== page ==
Friday, September 29, 2017

Short Film: Seduction of the Innocent (USA, 1961)


"This is America in the second-half of the twentieth century and Jeanette is a slave. Not a slave by circumstance of birth or force, but by choice. A choice she made herself not so very long ago, a choice that at the time probably seemed no bigger than, 'Should I belong or shouldn't I?' The pace of modern teenage society is often fast. The beat is sometimes frantic. Cultures and backgrounds have been mixed. The need to belong is ever present."

The quote beneath the screenshot above is from the opening speech to this bat-shit "educational" anti-drug film, a speech which, when read, leaves us wondering what the fact that "cultures and backgrounds have been mixed" has to do with drugs — especially when the swimming pool crowd shown is a lily-white. One can only assume he meant economic classes have been mixed, though none at the pool party look as if they were not of the same financial background, as "people of color" — as one is [was?] wont to say — are generally seldom part of Davis's world. In any event, the quote is but an excerpt of the oft-questionable verbal bombast that the film delivers nonstop for its entire running time. 
Seduction of the Innocent is indeed "another Sid Davis (1 April 1916 – 16 Oct 2006) classic about a [white] teen-age boy and girl, who through a need to belong and to go along with the group, start first with barbiturates and end up as heroin addicts." 
One thing is sure about Sid "San Jac" Davis's shorts: if you start watching them, you can easily get addicted. We started today with The Dangerous Stranger (1949 / full damaged film), and one short promptly led to the next, and the next, and the next, with each one getting better and better — or worse and worse, depending on how you look at it. Hours later, we've decided this one here is a hoot worth sharing. 
Sid Davis, you might remember, was a former film double for John Wayne who, thanks to Wayne's initial financial support, built an "educational" scare-film emporium on cheap, poorly made and by now (usually) extremely campy "horror" films narrating the terrible things that will happen to you should you, well, ever do anything but go to school and to church, get a job, get married, make babies, be a Republican. In Davis's films, where you end up — married, dead, or as a drug addict — is due alone to you and your wrong moral choice: there is no forgiveness, there is no way back, there is no second chance. To use the punch line of a many a joke: "You gonna die!" (Much like Davis died due to his cigarette addiction — lung cancer killed him — if only a lot earlier than his 90 years.)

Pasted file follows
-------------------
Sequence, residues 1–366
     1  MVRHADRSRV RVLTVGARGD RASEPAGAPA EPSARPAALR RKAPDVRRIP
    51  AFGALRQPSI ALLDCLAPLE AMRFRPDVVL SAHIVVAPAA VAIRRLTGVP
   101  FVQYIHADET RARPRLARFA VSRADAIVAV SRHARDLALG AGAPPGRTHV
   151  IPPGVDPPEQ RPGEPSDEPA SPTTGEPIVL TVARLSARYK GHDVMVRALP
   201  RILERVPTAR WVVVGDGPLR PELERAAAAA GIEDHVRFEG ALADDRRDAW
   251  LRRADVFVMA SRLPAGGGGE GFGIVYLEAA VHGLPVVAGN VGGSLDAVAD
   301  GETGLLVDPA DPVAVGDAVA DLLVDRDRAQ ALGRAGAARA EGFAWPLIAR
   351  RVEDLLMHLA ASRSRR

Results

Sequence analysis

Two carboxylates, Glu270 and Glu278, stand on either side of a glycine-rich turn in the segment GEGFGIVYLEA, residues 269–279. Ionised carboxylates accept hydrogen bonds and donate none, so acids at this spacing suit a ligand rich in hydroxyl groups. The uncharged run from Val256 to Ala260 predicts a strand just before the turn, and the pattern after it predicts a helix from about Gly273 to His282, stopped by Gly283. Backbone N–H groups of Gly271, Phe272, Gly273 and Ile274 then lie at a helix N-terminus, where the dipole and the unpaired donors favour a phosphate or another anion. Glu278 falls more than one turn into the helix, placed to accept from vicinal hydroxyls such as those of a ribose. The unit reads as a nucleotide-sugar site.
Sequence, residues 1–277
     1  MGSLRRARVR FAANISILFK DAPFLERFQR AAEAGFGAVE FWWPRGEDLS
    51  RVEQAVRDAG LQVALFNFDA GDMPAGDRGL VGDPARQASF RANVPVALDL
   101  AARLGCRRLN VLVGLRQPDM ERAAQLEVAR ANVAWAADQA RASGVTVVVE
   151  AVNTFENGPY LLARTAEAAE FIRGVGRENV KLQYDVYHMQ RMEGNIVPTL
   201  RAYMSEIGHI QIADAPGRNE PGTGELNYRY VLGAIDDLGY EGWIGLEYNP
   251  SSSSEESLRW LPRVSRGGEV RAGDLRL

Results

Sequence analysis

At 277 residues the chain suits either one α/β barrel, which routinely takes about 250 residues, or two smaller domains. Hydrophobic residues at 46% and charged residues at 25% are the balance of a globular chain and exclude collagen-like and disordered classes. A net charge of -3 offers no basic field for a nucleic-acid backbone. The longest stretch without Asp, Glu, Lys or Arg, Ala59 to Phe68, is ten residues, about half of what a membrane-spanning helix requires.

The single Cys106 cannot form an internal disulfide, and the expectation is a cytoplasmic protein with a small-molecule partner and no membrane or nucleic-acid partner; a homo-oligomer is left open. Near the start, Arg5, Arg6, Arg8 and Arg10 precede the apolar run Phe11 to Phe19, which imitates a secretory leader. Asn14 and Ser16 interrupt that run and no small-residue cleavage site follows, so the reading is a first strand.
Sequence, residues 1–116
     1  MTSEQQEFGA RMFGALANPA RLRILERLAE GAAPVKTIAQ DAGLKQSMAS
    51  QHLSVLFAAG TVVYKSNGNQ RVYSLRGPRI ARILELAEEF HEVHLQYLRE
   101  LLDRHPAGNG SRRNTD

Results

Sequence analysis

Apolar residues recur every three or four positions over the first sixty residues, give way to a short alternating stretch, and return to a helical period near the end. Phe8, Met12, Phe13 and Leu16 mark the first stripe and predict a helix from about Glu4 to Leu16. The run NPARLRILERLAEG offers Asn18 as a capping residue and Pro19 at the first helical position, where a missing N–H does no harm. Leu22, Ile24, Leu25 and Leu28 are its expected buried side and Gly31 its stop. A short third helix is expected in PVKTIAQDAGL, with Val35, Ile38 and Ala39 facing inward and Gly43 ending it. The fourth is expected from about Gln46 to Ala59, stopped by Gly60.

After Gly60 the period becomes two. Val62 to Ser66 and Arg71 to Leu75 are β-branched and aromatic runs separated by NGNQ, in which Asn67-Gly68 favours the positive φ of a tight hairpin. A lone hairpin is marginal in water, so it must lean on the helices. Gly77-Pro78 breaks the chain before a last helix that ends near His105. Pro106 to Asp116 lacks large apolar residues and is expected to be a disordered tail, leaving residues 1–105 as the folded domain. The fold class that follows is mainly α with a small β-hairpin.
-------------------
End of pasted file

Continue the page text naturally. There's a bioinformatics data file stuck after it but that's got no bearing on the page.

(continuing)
We already took a look at his amazing anti-homosexual hate short, Boy's Beware (1961), way back in 2013, but today we want to introduce you to his equally outrageous, but far more campy, if oddly well made, anti-drug horror short, Seduction of the Innocent (USA, 1961). Wow. What a movie.
And, we must add, not really true. Despite our active youthful past, one which involved everything from alcohol to speed to marijuana to mushrooms to acid to St. Bartholomew's trumpet (yech!) to downers to X to accidentally smoking heroin (it wasn't fun) and probably other stuff tried once but since forgotten, we've managed to pay/work our way our entire life long and now, the desire to experiment long gone, are even eyeing eventual retirement in a house of our own. Some people are prone to addiction, others not, and as they say in German, "Two beers are also a breakfast."
Why the German saying? So as to construct a sloppy link to what The New York Times long-ago wrote in the obituary of Sid Davis: "The movies are squarely in the tradition of cautionary literature for children, whose best-known example is probably Struwwelpeter, the German tale of the dreadful fate of a dreadful child, which has been traumatizing young miscreants since the mid-19th-century. Mr. Davis's films, most live-action, some animated, are 16-millimeter equivalents. […] The Sid Davis universe is fraught with peril. Every transgression — a swig from a bottle, a drag on a cigarette — leads to swift and certain doom, usually in under a half-hour. Among the series of unfortunate events to which Mr. Davis's young protagonists fall victim are these: abduction, murder, rape, stabbing, robbery at gunpoint, falling off a cliff, suffocating in an abandoned refrigerator, being burned to a crisp, being stuffed into the trunk of a car, being run over, pregnancy, venereal disease, unemployment, time in pool halls, time in prison, myriad auto accidents, heroin addiction (a direct result of smoking marijuana), prostitution (ditto) and bad hair (ditto)."
A downfall well exemplified in
October's Short Film of the Month,
Seduction of the Innocent:
None of the "actors" involved seem to have ever done anything else — but then again, for years we failed to recognize Jim Kelly as the star of that other great but not very campy anti-drug short, A Day in the Death of Donny B.(1969), so perhaps we also simply don't recognize "Jeanette" and her fellow lost souls. Do you?